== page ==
The business tax break called “bonus depreciation,” enacted in 2008 as a temporary stimulus measure, expired in December, and we’ve cited findings from the Congressional Budget Office, Moody’s Analytics, and others showing that it hasn’t been a particularly cost-effective way to boost the economy. A recent Goldman Sachs analysis bolsters the case for letting this tax break, which allows businesses to take bigger tax deductions for certain new investments, stay expired.
The expiration of bonus depreciation “should have little effect” on the economy, according to the analysis, which states in part that:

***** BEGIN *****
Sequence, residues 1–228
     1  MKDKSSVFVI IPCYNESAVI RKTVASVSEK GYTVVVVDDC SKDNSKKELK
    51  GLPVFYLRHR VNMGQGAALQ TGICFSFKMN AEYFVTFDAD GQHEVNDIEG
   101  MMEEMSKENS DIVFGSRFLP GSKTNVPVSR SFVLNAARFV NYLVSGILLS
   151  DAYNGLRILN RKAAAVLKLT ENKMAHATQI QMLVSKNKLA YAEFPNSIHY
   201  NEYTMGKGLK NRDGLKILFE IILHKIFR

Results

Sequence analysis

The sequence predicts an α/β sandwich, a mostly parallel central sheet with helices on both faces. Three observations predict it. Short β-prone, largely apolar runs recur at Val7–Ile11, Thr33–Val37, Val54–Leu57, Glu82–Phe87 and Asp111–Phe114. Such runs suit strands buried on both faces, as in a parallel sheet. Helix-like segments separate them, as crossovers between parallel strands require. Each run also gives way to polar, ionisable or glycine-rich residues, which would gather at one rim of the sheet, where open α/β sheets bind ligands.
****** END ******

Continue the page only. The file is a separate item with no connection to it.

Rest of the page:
“(1) low interest rates substantially diminish the present value of the tax deferral that results from bonus depreciation,
(2) there are multiple indications that firms do not respond strongly to this incentive, for various reasons,
(3) the tax benefit mainly accrues to a fairly small subset of overall corporate investment. . . .”
Congress should follow the lead of the President’s new budget and House Ways and Means Chairman Dave Camp’s tax reform plan, neither of which would restore bonus depreciation. Congress should also follow Obama and Camp’s lead in a related area and fully pay for any of the corporate tax extenders that — unlike bonus depreciation — merit extension.